After 11 years of hard work and dedication, Michael Lindberg is finally seeing it pay off.
Lindberg has been invited to the United State Ski Association's Alpine U-16 Junior Championships for the west region, which open Tuesday, March 19, in Alyeska, Alaska, and run through Saturday, March 23.
Obviously, earning the right to compete is a major accomplishment in the 14-year-old's life.
After his father, Steve Lindberg, introduced him to skiing at age 3, Michael knew he wanted to compete. His mother, Maria Lindberg, said they had trouble right away, because Michael wanted to go as fast as he possibly could, and usually aimed for the trees.
"My dad got me into it and wanted me to try racing," Michael said. "He set me up with the Mount Baker ski team and I was able to move up year after year and keep improving."
Lindberg was born in Whatcom County, though relocated with Maria to Seattle 11/2 years ago. Steve still lives in the area, and though she lives in Seattle, Maria still works at Windermere Real Estate in Fairhaven, and Michael spends plenty of time during the summer in Whatcom County and trains here on weekends during the winter.
This year, Michael was able to qualify for the junior championships based on his year's worth of work. He said he was selected to compete because he earned enough points at other qualifying races around the area.
This is the first year that he can compete in this race, as he will be competing with other skiers that are under the age of 16.
"I'm a little nervous," Michael said. "But I just want to get up there and do my best and have fun. I'm just going to be focusing on doing well and trusting myself before I start the first race."
Michael will compete in four events - the slalom, giant slalom, super G and downhill races.
He said slalom is his best event.
"I'm hoping to place well," Michael said. "But it is all about what kind of day you have, and I don't really know what to expect."
Michael has not been able to travel to Alyeska to scout the courses in order to prepare. Instead he has been training in Washington for the event. He said he will have one day to check out the courses before the championships take place and that he plans on using that to his advantage.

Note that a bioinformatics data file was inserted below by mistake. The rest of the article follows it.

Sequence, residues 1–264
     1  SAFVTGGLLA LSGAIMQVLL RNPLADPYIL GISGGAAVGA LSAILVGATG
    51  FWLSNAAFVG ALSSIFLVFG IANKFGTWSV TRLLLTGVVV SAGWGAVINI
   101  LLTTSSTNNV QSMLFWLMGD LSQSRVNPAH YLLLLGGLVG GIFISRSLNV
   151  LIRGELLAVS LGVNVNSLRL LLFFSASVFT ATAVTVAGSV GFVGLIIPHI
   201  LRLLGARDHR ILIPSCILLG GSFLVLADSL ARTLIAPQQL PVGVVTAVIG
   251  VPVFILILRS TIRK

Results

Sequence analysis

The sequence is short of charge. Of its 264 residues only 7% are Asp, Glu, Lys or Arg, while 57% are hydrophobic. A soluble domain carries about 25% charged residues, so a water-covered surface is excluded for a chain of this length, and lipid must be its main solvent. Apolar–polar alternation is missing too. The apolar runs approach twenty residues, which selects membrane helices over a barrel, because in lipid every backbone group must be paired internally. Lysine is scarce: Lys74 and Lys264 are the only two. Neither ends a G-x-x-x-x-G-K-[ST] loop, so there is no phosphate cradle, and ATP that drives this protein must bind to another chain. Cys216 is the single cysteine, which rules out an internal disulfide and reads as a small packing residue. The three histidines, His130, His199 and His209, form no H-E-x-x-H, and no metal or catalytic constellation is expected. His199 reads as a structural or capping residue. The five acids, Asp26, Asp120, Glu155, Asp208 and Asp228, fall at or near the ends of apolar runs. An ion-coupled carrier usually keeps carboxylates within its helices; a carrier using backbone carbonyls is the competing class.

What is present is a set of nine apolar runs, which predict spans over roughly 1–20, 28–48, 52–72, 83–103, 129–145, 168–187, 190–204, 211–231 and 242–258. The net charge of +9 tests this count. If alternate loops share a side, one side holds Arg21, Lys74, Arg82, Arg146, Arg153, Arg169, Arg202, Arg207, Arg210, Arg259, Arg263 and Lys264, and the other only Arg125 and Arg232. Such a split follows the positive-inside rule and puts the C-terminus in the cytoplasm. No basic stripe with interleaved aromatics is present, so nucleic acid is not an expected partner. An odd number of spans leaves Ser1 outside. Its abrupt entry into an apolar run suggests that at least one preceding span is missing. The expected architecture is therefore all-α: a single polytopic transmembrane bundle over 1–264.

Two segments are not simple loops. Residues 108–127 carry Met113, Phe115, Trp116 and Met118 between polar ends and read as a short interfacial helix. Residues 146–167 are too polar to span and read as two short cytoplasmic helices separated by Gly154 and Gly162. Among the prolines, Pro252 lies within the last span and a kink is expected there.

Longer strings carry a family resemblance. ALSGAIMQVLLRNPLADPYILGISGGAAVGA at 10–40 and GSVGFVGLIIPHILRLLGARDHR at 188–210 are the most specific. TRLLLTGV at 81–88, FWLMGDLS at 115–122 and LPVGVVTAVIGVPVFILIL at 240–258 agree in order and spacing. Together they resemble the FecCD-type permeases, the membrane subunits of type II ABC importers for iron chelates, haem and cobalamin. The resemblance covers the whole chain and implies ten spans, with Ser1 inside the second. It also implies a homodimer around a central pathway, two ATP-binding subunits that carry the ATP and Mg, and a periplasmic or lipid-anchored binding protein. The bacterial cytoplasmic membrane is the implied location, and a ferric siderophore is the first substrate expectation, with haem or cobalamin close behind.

Finding the time to train can be a little difficult for him, though. His mother said she really doesn't know how he does it.
"He's got so much tenacity," Maria said. "He plays on a premier soccer team, skis and trains for skiing, plays the violin and maintains an A-minus GPA. He really is an ambitious kid."
Maria said the reason Michael is able to do all of it, though, is because he is so passionate about each one of those things. She also joked that they have overscheduled him since he was young, so he probably thinks of it as normal.
Michael said he enjoys skiing because it is an individual sport.
Unlike team sports that he competes in, with skiing, the amount of work he puts into it directly relates to the amount of results he will see. He likes the aspect of being dependent on just himself and not other people.
Maria is a little nervous about the event, but more for Michael's safety. She said during a qualifying race at Mount Bachelor in Oregon, competitors were being clocked at 60 mph.
"I am more confident now," Maria said. "He has had some major injuries, but has been able to really come back strong and be competitive. I'm not too nervous for him."
Maria said she thinks Michael could finish in the top 15 during the event, and that would be a huge accomplishment against more than 200 competitors.
This is just the beginning for Michael, though.
He said he hopes to be able to compete in skiing for a long time, and his ultimate goal is to make it to the professional level.
He understands that it will take a lot of hard work and dedication to get there, but he said he is willing to put in the work.